Every so often, Jalil’s two sons push a wheelbarrow filled with food and cooking supplies up the hill to the kolba. Nana always greets them with her arms crossed and a defiant posture, cursing their mothers and making faces at them. Mariam feels sorry for them. Once she yells an insult at them, just to please Nana, but she always waits in hiding to watch them leave.
The brothers offer Mariam a glimpse into the life that she could have if she were to be fully accepted as one of Jalil’s true children. She remains conflicted between Jalil and Nana, however, toggling between the two as she attempts to please both.
Nana teaches Mariam to cook and sew. She only admits a few visitors: the village leader Habib Khan, her old friend Bibi jo, and especially Mullah Faizullah, the elderly Koran teacher or akhund. He tutors Mariam in prayer and recitation, and teaches her to read. They also sometimes go for walks and Mullah Faizullah enchants Mariam with stories of his youthful travels. He tells her that she can use the Koran for comfort when she needs it.
Mariam’s life is simple, but has its own joys. Mullah Faizullah will remain one of the most significant figures in Mariam’s life, a source of spiritual guidance and wisdom that she will rely upon in her most difficult moments. He also gives her a glimpse into the world beyond the kolba and the village.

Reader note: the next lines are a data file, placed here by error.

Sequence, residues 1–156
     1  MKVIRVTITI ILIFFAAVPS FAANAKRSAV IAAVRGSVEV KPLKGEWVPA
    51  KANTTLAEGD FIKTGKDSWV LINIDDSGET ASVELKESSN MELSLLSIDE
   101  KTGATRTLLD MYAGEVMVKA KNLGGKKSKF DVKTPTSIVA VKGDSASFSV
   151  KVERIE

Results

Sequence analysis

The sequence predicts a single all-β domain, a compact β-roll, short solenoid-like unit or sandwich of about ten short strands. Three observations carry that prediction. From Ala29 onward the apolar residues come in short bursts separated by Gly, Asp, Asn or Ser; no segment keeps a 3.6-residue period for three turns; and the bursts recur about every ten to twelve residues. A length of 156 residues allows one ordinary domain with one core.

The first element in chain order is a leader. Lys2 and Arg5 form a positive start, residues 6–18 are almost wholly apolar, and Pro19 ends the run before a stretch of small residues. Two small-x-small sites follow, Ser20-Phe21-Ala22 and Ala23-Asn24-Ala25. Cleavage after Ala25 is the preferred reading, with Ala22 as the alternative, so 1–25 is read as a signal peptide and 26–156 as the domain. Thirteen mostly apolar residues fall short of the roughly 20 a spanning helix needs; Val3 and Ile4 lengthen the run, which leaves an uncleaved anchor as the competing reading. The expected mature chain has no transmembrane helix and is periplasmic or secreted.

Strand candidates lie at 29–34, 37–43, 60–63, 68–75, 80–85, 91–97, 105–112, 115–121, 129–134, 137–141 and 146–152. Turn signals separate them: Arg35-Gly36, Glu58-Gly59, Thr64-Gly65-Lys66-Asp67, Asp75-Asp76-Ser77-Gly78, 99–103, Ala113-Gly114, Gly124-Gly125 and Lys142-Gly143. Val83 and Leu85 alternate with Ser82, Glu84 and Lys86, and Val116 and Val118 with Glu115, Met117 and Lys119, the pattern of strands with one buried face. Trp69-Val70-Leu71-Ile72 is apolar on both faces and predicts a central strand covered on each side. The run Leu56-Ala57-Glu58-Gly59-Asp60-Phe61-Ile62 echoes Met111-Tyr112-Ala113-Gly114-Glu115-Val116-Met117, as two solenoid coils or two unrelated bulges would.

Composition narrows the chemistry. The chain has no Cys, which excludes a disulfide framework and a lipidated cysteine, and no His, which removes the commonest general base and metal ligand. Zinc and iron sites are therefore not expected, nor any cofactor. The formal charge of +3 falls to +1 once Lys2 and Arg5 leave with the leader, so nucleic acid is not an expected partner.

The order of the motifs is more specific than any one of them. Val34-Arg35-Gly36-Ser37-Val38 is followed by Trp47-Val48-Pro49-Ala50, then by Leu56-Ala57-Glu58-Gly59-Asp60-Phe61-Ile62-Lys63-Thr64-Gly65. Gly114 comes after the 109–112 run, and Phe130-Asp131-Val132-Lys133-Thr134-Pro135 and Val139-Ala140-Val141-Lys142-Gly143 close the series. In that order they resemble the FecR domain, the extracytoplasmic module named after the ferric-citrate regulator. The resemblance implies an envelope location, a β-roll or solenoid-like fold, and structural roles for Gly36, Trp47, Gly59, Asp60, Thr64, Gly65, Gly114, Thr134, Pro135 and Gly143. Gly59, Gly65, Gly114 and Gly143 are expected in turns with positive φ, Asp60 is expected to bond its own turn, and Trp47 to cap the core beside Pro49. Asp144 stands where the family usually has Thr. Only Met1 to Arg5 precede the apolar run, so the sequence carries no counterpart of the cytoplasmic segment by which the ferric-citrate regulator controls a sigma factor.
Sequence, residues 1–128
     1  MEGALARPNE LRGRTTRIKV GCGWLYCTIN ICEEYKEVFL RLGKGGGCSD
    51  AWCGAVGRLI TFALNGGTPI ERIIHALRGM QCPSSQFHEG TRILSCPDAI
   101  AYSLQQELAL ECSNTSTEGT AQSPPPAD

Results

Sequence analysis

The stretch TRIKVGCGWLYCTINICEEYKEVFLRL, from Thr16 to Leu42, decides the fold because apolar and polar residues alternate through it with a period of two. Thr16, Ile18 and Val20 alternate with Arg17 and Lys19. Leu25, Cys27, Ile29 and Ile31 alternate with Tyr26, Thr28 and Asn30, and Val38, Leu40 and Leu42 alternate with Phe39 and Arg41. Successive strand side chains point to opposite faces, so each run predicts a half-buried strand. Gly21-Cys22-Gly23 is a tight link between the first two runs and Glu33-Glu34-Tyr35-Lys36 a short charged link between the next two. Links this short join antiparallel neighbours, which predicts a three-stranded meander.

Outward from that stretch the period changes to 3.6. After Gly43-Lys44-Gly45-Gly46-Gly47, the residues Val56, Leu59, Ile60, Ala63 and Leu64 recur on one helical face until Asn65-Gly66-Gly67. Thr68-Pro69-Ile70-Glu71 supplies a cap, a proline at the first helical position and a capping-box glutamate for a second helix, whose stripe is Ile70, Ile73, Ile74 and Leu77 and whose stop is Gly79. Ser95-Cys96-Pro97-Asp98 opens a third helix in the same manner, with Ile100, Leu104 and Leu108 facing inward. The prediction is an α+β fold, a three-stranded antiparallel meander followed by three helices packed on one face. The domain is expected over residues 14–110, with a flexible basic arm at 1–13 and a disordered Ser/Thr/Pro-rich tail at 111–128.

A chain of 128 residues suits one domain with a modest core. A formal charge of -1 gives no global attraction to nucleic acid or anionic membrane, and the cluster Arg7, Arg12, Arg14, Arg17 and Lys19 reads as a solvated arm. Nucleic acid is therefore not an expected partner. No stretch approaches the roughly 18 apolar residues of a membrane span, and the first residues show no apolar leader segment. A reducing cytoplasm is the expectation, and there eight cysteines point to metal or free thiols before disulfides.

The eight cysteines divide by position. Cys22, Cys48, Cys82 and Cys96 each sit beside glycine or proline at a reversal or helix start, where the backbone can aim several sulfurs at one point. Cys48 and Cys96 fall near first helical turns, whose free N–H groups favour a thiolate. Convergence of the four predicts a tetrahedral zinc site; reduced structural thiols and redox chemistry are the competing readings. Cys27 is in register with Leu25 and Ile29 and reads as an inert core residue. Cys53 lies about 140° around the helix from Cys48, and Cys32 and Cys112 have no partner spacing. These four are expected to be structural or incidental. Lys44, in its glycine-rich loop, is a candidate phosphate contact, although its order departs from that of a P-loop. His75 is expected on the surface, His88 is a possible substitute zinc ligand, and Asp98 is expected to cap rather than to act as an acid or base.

One day, Mariam confides that she’d like to go to school—Bibi jo had mentioned that Jalil’s other daughters would be attending. Mullah Faizullah asks Nana, but she says there’s no use. The only skill a girl like Mariam needs, she says is to endure. She claims the kids at school will call Mariam a harami. Besides, Mariam is all Nana has.
Even at this historical moment, when education is available to women, only wealthier girls can actually get an education. Nana, for one, is convinced that the social situation into which one is born will determine the kind of life one can have.